Leaving work this past Friday I became flooded with those always welcomed, often fleeting, feel-good emotions of gratitude where you insist that the sky looks that much bluer and the air just smells that much fresher. Looks something like this…
But seriously. It’s like you’re wearing fantasy glasses with “Pinch me is this RL (real-life)?!” lenses. They’re the best moments ever!
I’M PETRIFIED OF THEM.
Because amidst my overjoyed emotions this stupid voice in my head likes to go, “Stop being ridiculous! This will never last! You’re setting yourself up for disappointment”.
Womppp. So I quickly come back down to reality and then think, “Yea, I guess the sky really isn’t all that blue [taking off my polarized sunglasses]. Whatever. On to the next thing.”
Reading over that thought-train kind of makes my skin crawl. But it’s SUCH a real and easy thing to slip into.
Case in point: I was group texting my mom and sisters leaving the office that same afternoon, and I sent a simple text about how I was enjoying my new role. “It’s a good fit for me.”
Anddd then I felt this little gut check as if God was saying, “Really, Kait? After all that? Just a ‘good fit’?”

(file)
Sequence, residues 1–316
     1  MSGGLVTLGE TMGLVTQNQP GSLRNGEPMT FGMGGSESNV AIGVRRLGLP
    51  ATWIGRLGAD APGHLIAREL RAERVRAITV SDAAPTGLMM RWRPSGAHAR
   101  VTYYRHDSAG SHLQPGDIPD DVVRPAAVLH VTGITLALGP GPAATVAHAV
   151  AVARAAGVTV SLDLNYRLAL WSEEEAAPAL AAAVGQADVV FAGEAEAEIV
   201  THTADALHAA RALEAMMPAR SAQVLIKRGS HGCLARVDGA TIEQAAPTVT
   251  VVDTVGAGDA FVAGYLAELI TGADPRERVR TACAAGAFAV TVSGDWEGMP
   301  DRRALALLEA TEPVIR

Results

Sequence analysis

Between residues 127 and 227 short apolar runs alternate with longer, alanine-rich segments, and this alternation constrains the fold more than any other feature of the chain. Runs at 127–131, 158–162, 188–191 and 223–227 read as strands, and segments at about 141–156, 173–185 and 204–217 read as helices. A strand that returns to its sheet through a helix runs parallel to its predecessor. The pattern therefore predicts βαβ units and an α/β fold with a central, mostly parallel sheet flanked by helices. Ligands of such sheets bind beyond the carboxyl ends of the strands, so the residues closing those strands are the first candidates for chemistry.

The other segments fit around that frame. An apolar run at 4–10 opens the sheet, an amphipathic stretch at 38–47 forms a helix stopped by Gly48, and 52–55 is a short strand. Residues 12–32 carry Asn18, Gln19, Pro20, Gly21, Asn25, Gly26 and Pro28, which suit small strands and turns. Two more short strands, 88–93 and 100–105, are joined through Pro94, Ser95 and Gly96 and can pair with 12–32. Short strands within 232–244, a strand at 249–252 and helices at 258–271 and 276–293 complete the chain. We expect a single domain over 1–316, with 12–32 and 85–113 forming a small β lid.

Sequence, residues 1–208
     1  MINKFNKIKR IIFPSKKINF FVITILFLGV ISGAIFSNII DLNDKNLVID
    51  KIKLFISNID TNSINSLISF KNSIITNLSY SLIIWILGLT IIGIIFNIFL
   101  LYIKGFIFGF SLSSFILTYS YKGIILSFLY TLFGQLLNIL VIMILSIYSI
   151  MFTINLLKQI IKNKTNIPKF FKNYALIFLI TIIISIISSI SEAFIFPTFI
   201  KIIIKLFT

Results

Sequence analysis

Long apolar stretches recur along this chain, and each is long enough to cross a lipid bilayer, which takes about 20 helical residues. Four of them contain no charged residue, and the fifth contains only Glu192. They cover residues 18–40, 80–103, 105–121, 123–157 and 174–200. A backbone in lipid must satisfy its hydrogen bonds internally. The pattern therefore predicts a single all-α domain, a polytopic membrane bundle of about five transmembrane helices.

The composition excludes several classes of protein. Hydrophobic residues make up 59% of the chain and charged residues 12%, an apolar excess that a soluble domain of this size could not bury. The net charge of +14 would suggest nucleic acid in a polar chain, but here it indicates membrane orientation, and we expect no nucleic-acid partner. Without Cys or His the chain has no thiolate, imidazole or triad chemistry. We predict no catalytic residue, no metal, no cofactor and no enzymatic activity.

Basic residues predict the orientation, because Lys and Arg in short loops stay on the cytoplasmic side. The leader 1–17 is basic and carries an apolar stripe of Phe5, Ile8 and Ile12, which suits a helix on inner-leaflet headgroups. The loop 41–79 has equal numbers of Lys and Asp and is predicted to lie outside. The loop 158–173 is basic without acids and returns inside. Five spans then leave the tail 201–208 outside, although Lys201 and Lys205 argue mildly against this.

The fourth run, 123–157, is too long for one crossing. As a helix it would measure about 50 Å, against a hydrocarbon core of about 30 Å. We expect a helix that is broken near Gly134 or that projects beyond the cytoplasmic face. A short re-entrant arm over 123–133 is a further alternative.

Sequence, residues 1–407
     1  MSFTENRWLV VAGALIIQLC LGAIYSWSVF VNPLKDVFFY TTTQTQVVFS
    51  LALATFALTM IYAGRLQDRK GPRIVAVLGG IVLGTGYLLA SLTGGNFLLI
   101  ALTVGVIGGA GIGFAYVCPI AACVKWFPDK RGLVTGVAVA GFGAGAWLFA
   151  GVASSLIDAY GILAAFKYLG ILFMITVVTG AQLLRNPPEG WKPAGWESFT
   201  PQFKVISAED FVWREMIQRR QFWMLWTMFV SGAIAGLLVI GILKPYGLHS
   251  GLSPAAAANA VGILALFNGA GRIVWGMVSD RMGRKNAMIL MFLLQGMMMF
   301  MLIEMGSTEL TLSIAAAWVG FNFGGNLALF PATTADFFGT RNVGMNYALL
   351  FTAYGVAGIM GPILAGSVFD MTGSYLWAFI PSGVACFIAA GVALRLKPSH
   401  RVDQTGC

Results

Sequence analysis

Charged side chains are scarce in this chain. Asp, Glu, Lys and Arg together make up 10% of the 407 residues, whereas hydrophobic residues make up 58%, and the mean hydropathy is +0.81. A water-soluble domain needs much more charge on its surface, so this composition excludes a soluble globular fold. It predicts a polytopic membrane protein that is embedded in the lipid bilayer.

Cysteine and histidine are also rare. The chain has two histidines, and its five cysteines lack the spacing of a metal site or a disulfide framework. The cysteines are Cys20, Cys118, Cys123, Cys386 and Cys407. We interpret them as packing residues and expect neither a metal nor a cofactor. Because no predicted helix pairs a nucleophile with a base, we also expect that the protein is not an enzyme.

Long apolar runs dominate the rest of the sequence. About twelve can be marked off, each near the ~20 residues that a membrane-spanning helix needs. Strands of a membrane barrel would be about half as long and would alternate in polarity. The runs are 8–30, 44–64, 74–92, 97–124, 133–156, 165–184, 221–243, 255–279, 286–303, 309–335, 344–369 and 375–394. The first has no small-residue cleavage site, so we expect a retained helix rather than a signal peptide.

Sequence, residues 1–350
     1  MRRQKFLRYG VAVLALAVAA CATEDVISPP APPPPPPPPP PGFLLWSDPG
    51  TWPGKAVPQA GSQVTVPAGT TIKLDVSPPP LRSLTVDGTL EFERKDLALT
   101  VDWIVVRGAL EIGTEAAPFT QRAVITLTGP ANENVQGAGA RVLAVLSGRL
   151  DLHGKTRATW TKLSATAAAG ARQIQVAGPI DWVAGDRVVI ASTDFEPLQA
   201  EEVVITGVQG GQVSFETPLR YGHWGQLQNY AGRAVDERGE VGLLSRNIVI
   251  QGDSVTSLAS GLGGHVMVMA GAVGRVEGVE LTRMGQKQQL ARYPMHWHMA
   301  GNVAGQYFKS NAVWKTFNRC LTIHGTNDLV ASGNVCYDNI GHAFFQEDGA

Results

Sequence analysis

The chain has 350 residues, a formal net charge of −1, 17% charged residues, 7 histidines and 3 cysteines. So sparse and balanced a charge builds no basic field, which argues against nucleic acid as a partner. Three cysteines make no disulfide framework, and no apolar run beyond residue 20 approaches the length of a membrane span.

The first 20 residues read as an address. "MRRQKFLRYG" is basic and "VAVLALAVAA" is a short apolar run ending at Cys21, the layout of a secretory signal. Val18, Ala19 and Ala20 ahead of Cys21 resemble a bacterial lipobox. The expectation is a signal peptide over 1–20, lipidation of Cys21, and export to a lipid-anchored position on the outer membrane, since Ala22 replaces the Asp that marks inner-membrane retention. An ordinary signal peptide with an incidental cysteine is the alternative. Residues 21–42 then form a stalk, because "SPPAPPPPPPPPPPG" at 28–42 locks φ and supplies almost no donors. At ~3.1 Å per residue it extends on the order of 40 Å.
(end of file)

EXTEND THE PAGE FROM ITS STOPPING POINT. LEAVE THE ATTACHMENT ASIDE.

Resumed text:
[OY. Ok, God, give me a take two.]
The second text I sent was pretty freaking ecstatic; including how I couldn’t believe the newfound flexibility I’d been given. I wrote how it was something I’d seriously been desiring and thought would only maybe be possible when I was like 50 y.o. [if ever].
In this text to them, I also decided to credit God this time–for His faithfulness and for giving me exactly what I’d longed for and didn’t even know how to go about looking for, even down to the smallest of details [ie: An office with my own desk, but also a flexible work-from-home option. A quiet, but collaborative space. Introvert-friendly, but about people. Business-oriented, but with a Kingdom mindset. Experience in entrepreneurship and grass-roots marketing.] He heard it all.
Hitting send on that second text felt gooooooood. It was as if I’d finally allowed myself to settle into that big, fat comfy seat of gratitude for a second.
I realized, I’d been trying to field all the “How’s the new job??” questions with a simple, “Good. I’m learning a lot“.